This applies to all unlicensed crew and technically to licensed as well. Academies kinda sorta are trade schools in the same way a nursing degree school is a “trade school”. Sort of. https://www.popularmechanics.com/technology/a26454617/skilled-trades-jobs/
well, i read 90% of it, i didn’t notice anything pertaining to seagoing specifically but it’s there as you infer.
what i did get out of it is college/universities are pushed for what they teach you about contemporary ‘life’… look at some of the warped class titles, turns you into a loyal Maoist!
yup, learn a trade, be earning a paycheck with a clear site up the ladder in a couple years and have your school paid off … of course the best route is have the army pay for it!
Make that Navy…
i sailed for the Army, they’ve quite a few ships, some say more than the Navy but I think that’s counting everything that floats ! maybe even amphibious tanks? ha ha
Only during WW2.
I do believe that all unlicensed mariners would fall into this category, simply because they are individuals that have specific skills that mostly require proven time, proof of skills, and even certification to move forward in their respective careers.
But deck/engine officers that choose to go to Academies are there by choice. For those who choose the hawsepipe route, a little different too. But Academy educations are earned only AFTER acceptance into their program (based largely on academic performance in prior schools) and you leave the Academy with a college degree and a license, though NOT always with both. So I see it a little differently.
This is a good read and I’m glad it’s out there. I represent my Academy at college fairs in my city twice a year. The first thing I ask both students and parents is, “Do you like school? How are your grades?”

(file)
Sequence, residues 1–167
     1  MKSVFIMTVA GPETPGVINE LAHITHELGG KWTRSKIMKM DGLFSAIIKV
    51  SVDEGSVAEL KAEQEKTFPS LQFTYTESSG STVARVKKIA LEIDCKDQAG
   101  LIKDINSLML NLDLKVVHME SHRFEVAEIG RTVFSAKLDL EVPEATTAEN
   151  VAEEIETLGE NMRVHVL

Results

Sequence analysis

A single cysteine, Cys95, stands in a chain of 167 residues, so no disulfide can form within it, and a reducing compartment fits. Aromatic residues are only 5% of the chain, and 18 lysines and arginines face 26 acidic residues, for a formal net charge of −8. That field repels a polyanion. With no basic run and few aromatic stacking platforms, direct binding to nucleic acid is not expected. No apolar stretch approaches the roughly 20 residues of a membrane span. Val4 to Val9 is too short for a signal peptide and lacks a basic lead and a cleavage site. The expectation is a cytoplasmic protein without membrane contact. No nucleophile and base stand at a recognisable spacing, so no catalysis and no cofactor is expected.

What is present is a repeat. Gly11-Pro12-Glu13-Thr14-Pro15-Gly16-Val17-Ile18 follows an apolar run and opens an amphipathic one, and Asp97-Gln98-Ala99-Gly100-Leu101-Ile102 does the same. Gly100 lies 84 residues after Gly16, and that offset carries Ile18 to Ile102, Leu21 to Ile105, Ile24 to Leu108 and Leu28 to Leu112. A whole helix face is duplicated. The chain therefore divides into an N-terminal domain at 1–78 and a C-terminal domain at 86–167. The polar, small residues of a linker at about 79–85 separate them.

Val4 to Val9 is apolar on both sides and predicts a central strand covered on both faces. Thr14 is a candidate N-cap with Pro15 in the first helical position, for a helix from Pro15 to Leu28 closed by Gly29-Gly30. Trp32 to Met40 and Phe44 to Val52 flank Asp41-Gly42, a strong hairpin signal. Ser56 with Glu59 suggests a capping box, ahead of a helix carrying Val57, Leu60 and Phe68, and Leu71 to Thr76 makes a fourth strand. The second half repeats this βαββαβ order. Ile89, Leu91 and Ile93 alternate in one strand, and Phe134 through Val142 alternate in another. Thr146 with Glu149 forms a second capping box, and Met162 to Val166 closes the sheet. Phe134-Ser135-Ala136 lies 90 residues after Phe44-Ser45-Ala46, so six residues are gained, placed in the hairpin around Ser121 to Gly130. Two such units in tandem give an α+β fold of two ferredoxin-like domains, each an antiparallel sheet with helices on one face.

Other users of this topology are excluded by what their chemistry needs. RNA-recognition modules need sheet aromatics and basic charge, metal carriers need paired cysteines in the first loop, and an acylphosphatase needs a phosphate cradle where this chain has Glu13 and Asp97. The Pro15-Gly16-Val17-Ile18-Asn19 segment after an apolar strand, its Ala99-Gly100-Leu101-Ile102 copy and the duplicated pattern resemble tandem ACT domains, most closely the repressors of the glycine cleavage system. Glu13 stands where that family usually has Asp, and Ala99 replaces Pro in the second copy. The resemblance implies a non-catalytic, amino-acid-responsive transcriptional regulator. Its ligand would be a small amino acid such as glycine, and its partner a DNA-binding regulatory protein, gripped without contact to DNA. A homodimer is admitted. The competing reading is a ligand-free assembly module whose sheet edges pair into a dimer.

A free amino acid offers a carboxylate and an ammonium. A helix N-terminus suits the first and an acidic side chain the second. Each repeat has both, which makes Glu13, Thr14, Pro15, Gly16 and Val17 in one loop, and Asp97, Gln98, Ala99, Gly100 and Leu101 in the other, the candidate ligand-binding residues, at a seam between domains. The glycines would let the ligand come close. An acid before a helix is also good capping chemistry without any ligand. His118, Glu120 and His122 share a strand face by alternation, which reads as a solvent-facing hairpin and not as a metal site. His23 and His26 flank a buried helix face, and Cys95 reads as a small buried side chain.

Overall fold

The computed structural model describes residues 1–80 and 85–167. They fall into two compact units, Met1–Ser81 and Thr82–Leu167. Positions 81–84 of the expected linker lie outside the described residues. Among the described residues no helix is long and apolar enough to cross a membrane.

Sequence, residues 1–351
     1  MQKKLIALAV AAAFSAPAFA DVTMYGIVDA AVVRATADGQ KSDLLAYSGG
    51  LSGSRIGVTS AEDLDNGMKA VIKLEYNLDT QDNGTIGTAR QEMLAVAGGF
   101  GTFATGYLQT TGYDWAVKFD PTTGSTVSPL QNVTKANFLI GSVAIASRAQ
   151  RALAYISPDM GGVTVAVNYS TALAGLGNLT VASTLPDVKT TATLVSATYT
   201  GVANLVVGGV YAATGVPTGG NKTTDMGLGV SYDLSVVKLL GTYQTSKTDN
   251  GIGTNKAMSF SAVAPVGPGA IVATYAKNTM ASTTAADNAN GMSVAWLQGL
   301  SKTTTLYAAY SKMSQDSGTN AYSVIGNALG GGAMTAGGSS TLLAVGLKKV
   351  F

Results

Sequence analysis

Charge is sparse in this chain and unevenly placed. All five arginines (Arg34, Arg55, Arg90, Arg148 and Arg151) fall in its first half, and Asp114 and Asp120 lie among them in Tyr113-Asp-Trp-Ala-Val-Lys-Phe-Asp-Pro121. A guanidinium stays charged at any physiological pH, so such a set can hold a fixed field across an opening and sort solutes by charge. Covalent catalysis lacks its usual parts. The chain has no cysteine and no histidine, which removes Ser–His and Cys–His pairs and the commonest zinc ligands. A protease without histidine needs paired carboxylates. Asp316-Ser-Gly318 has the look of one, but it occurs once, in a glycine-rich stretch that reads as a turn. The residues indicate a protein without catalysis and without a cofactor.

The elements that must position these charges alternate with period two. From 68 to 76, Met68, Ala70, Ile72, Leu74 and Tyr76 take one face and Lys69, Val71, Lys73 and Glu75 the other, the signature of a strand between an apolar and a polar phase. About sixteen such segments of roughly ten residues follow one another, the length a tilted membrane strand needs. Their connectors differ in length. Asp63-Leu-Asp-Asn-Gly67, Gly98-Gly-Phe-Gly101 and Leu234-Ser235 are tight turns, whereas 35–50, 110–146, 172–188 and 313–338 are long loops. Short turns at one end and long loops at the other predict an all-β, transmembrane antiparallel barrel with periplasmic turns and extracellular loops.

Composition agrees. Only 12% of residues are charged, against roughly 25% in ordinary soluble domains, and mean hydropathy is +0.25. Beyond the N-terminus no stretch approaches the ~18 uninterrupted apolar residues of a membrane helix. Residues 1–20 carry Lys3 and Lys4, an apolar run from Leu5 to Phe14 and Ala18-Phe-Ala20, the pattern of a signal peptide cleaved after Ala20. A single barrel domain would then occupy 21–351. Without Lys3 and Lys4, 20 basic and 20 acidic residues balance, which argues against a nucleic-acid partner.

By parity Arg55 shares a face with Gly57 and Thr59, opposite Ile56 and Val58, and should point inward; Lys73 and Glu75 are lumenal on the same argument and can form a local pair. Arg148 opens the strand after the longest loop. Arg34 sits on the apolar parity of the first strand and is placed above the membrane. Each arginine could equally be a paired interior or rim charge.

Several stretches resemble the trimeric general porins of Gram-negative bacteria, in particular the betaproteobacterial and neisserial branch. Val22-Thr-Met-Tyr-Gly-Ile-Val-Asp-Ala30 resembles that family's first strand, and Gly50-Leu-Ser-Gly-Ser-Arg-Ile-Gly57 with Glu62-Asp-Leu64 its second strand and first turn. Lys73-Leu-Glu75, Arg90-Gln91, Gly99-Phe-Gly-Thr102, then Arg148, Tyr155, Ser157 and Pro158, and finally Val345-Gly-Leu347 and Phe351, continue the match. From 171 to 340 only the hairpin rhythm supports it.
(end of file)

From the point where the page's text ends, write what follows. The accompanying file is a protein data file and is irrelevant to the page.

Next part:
If I suspect there is any hesitation on either parents or potential student, I suggest the trade school route and encourage them all the way. College is ridiculously expensive. I counsel NOT to waste your time and money until you walk right up to me and say " I really want to go to (insert name of college here) and would like your help on getting in!" They must display some exuberance for me to know, this guy/girl is serious and will likely succeed.
I also sit on a board of a program for high school students that steers them towards our industry. But the very first thing we tell them (and their parents) is that “It’s not for everyone” and if you don’t like this when you’ve completed the program, that’s okay!
Helping young people find something they want to do is a great endeavor. Helping them figure out what they DO NOT WANT TO DO is part of the same process. Either way, you have left your mark on that young mind and helped them out (and their family) immensely. It’s a win-win either way.
My point is that a maritime academy is a hybrid of college and trade school because of how much practical training there is. It’s like the schools that have flight training programs. Also many countries licensing programs don’t come with a college/university degree. Great Britain’s doesn’t have a degree. You do one year of school and then do cadet sailing with classes between.
Sadly, many countries still do business the “old way”. Using bribes to ensure acceptance or promotion.
An Eastern European friend of mine has time for his Mates license upgrade (from AB). He has saved money for his course and license prep. But he has been told he cannot enter the class until he forks up more for a “donation” to the admissions officer.
How screwed is that? But from what I’ve learned over the years, it isn’t uncommon.